Helpful or Harmful? Know your figures then use the magic!

Let’s start with the good news, Shell petrol discounts provided by Coles dockets have almost doubled in value, even though they remain at 4c per litre.

4c per litre when fuel is $1.50 per litre is approximately a 2.67% discount, when fuel is $0.80 per litre the discount is now 5%.  Sounds great right?

Now what about the big banks?  They are being very helpful right now, aren’t they?

Banks are offering all kinds of “assistance” with your home loans and credit cards right now.

CBA sent an email very kindly telling customers that if they were ahead on their payments or paying more than the minimum, they could reduce their repayments.  That is helpful, even though most people know that.

Then a short time later they sent another one saying “we’ll be automatically reducing eligible home loan direct debit repayment amounts to the current minimum”.  NOT you can, or if you would like to opt in – “WE’LL BE AUTOMATICALLY……”

So, in order to maintain your existing position, you must actually use your time and energy to take action.

There is magic in the financial world, hiding under the boring name of “compound interest”.  Consumers are having to make difficult choices about which magic to use, good magic or bad magic, and when there is so much to cope with, this is a confusing burden.

As you have no doubt heard already, taking funds out of super is reducing the power available from good magic, by this seemingly small amount ($10,000) reducing some people’s retirement savings by over $100,000.

In a similar way, we are empowering bad magic by not paying every cent possible off your credit card and to a lesser extent right now due to low interest rates, your home loan.

The power of paying extra off debt has been promoted by financial wizards (financial planners, accountants, financial counsellors et al) for many years.  However it works in reverse when the banks are charging extremely high interest rates on credit cards.  NAB is charging 19.99% pa on some credit card options right now, and whilst the cash rate has fallen drastically to 0.25% pa, credit card interest rates have mostly remained unchanged.

The NAB have reduced their monthly minimum payment on credit card debt to 0.5% of the balance.  So, the remaining amount of interest that you don’t pay is accruing compound interest and working against you, building a higher and higher debt.

For example, on a balance of around $15,000 at 19.99% pa paying only 2% of the balance will take approximately 67 years and cost approximately $67,000 in interest.  Increasing the amount paid to 5% will save around 65 years and around $63,000 in interest.  But the new minimum could result in paying interest of more than $660,605,000 in interest and take more than 83 years to pay off (if ever).

The issue here is that the banks fully understand human behaviour and are relying on inertia and the lack of financial literacy of consumers to help recover their losses in other areas including remediation costs for financial advice failures.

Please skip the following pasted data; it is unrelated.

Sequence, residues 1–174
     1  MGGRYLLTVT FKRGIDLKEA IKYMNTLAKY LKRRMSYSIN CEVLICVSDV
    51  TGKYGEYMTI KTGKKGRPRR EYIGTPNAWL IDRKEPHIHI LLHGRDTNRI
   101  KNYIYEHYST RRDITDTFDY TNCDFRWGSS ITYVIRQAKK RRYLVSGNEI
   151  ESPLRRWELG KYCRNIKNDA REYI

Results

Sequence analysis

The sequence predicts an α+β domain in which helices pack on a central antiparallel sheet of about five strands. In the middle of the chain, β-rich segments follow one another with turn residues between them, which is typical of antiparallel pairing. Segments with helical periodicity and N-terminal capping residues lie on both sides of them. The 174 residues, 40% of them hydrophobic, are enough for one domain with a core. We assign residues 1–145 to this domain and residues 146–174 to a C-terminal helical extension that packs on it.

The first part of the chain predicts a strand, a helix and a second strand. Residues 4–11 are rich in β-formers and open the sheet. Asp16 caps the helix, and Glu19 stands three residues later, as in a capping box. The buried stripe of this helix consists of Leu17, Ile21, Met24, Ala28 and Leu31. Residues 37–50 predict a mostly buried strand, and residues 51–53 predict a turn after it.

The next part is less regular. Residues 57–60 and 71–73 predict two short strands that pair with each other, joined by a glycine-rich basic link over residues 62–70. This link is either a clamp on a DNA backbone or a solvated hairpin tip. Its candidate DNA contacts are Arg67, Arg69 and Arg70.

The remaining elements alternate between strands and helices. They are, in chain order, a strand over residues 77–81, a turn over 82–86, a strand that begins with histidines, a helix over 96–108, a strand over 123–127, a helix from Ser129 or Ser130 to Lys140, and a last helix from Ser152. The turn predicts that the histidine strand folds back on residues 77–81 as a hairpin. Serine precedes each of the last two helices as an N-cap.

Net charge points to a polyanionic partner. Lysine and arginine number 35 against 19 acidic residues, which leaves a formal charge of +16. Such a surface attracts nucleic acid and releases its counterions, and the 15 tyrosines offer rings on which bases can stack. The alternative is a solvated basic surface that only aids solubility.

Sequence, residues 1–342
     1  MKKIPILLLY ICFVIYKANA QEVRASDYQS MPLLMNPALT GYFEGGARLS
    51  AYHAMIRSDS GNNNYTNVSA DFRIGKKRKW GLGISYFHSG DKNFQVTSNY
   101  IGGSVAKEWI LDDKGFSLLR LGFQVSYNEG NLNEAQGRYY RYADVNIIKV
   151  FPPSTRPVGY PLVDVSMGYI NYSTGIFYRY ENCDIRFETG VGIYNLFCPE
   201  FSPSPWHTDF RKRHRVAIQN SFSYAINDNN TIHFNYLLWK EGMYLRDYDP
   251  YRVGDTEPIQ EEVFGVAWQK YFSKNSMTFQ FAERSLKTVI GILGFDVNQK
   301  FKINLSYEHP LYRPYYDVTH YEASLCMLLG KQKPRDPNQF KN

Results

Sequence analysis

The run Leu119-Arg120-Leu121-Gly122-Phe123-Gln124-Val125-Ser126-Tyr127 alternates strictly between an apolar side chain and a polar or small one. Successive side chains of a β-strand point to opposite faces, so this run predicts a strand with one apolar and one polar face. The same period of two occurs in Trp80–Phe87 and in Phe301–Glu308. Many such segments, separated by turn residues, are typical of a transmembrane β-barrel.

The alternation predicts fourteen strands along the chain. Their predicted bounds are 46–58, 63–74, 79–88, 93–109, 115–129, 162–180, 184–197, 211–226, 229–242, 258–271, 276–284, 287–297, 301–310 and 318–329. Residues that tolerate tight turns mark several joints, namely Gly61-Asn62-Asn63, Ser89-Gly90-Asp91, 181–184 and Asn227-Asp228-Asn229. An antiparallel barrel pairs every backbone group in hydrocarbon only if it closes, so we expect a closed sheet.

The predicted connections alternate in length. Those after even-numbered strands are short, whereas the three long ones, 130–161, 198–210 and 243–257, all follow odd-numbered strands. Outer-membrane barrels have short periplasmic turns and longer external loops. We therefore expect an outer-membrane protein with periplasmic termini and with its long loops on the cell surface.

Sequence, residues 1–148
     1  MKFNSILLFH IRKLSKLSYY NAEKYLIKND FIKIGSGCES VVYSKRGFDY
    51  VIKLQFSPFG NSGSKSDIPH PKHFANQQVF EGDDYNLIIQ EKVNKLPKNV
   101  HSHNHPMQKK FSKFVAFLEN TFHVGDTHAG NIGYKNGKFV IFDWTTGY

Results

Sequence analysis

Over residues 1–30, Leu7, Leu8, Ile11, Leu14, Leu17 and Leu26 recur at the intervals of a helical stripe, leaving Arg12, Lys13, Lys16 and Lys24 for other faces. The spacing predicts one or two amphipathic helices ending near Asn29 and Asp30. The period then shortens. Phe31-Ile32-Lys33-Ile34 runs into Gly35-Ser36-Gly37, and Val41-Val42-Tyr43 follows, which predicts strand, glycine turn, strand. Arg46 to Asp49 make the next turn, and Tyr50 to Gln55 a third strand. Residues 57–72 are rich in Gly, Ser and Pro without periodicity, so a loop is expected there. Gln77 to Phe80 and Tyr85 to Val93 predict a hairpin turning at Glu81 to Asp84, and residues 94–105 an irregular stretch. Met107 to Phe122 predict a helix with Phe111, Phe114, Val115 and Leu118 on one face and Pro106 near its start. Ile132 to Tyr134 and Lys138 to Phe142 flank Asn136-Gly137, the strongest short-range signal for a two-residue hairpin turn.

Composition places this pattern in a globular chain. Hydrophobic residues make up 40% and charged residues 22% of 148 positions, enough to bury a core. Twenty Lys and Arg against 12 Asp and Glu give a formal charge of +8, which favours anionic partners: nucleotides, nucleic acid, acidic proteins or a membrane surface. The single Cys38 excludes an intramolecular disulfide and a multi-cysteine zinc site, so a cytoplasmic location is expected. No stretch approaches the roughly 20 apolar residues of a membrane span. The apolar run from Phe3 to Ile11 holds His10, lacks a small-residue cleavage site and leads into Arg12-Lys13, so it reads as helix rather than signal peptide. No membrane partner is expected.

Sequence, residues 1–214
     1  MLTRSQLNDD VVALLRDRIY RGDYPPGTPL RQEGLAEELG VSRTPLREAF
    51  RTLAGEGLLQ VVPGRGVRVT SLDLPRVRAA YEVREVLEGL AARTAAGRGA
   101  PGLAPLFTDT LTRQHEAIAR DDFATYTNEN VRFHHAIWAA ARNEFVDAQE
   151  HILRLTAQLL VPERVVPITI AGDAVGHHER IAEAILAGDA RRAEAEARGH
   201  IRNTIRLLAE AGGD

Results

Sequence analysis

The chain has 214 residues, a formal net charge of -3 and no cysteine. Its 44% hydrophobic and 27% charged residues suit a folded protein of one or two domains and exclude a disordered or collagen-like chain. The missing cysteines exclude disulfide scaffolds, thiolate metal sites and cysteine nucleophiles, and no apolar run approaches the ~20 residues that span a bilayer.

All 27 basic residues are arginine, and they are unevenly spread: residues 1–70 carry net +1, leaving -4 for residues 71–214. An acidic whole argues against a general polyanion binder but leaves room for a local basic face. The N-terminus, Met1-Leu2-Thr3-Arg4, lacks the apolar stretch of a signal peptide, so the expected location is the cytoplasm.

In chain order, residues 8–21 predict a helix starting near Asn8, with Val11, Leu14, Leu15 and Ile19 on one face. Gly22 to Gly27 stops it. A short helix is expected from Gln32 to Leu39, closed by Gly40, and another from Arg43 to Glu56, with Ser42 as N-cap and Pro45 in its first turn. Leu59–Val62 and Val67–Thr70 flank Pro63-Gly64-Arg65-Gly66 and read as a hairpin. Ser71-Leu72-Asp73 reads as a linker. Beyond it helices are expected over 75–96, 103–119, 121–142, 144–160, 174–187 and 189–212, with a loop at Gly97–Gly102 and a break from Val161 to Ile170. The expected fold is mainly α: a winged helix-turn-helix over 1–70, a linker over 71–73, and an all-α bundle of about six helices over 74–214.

People are busy, their inboxes are full, they think they have a solution to avoiding late fees by paying the minimum amount as a pre-set amount.  Then the bank changes the automatic minimum amount without their input.

This inertia strategy is also used by the banks to pay minimum interest on their term deposits.

Of course, people can pay more on their credit cards, however many won’t notice it, many won’t change it, and many don’t understand just how wicked this is.

Personally, I would rather get a job in the coal mines or sell a kidney than pay less than the usual minimum payment if I had a credit card debt.

If the bank wants to “Help in any way they can” as stated on their email, they could be reducing interest rates or fees on credit, changing consumers to the lowest rate cards available if they carry a balance, or refer people to financial counsellors if they can’t pay their standard minimum payments.

Many consumers are furious they now must take action to get back to the payment amounts they personally set.  Giving people options to reduce payments in certain circumstances is very helpful and deserves recognition.

What they are doing now though deserves a different kind of recognition.

How do you know where to prioritise your payments when times are tough and things are so confusing?  You might need help (financial counsellor) or advice (financial planner).

Use the power of compound interest to your advantage and it is like waving a magic wand.

Melinda Houghton

Adv. Dip FS (FP)

Insider Out – Understand and Trust your Advice

 This information may be regarded as general.  That is, your personal objectives, needs or financial situations were not taken into account when preparing this information.  Accordingly, you should consider the appropriateness of any information we have given you, having regard to your own objectives, financial situation and needs before acting on it.

I am no longer authorised to provide financial advice.  If you wish to receive financial advice you must contact an authorised provider.

https://www.moneysmart.gov.au/investing/financial-advice/financial-advisers-register

 

 

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